7.12 The Final
Back at the start of this series of The Apprentice, the trumpeted new feature was the change in just what Baron Alan von Sugar of Amstradshire was looking for. No longer, y’see, was he after an apprentice,. Instead, this time he was on the search for a business partner. Someone with whom he could trust £250,000, in a singular gesture that makes the dragons on Dragon’s Den suddenly look tight.
The problem in doing this, though, came to a head this week. Even though the target of the search has changed, the methodology over the past weeks hasn’t. It’s still been setting an impossible task, to be done in two days, and getting the folks in the editing room to make everyone look a bit of a tit. Genuine business lessons? Well, there haven’t been too many fresh ones. It’s been an entertaining series, certainly, and I’ve appreciated the fresh ideas in some of the tasks. There are have certainly been more new, interesting ideas this year than we’ve had for a while.
Yet there’s a big flaw at the heart of the process, and it came to a head in the final. For, instead of having to arrange some big event and impress bigwigs, this year the interview process moved to the final week. However, it was the interview process with a twist: each of the four remaining candidates had to come up with a business plan.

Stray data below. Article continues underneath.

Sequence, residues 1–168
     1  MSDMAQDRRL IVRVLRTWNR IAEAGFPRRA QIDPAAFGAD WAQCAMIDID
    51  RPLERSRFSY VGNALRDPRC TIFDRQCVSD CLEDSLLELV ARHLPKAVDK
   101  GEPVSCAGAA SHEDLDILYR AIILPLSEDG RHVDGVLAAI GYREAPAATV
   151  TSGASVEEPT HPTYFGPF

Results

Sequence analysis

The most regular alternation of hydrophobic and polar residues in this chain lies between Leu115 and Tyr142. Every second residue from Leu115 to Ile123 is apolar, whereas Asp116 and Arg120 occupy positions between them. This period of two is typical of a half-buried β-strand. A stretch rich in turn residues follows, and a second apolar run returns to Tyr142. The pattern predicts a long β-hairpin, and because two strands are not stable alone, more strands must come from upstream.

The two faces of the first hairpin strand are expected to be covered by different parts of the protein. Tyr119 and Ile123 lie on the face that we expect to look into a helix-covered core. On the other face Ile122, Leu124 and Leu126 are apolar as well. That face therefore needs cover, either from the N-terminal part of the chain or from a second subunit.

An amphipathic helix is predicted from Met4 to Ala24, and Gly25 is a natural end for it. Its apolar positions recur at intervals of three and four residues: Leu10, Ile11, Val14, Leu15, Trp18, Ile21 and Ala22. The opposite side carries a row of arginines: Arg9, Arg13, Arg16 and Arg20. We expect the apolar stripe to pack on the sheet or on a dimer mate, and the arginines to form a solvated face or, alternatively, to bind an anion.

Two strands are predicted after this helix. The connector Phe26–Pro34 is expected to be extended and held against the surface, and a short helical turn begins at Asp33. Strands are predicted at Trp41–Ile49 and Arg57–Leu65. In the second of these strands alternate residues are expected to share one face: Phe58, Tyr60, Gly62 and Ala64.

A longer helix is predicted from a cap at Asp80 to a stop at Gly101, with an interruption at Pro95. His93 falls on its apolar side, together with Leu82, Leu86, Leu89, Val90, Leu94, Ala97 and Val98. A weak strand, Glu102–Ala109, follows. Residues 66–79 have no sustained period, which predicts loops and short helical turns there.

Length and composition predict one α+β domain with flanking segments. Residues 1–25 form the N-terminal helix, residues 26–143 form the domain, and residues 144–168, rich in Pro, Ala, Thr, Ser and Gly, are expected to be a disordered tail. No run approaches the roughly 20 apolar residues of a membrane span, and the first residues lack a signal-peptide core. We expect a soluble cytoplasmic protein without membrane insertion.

I don’t buy for a second that you get to be a millionaire business person many times over by taking the best part of three months to interview someone, but that’s a conceit that the show has always worked on us accepting. But,] if it’s a business idea you’re looking for? Well, why interview them like potential apprentices? What was the point in letting Helen win ten out of eleven tasks if, in the scheme of things, it meant next to nothing? How do we know that the person with the best idea didn’t get sacked for something trivial a few weeks ago? Doesn’t that make it all a bit of a nonsense?
I’ll pop those grumbles aside for a moment though, as there was a massive, massive reason to watch this week anyway, and it wasn’t anything to do with finding out who had won. No, Margaret was back, and heck, she was on top form. Her skewering of Jim’s collection of clichés was just brilliant, and she did it without having to come across as a robotic machine of miserableness (Claude, to his friends.) I swear she could choose the winner of this show within ten minutes of the opening episode.
If Margaret was going on the cliché warpath, though, then she should have gone after the bloke with his ‘elevator pitch’ obsession. Notwithstanding the fact that I work in an office with just five floors, thus my pitch would have to have to be truncated into a few words shouted at loud volume, this was the kind of moment to put a normal human being off applying for the show. If you’ve got a good idea, why do you have to pretend to be in a lift? At the very least go for something interesting, like a space rocket or something. Sigh.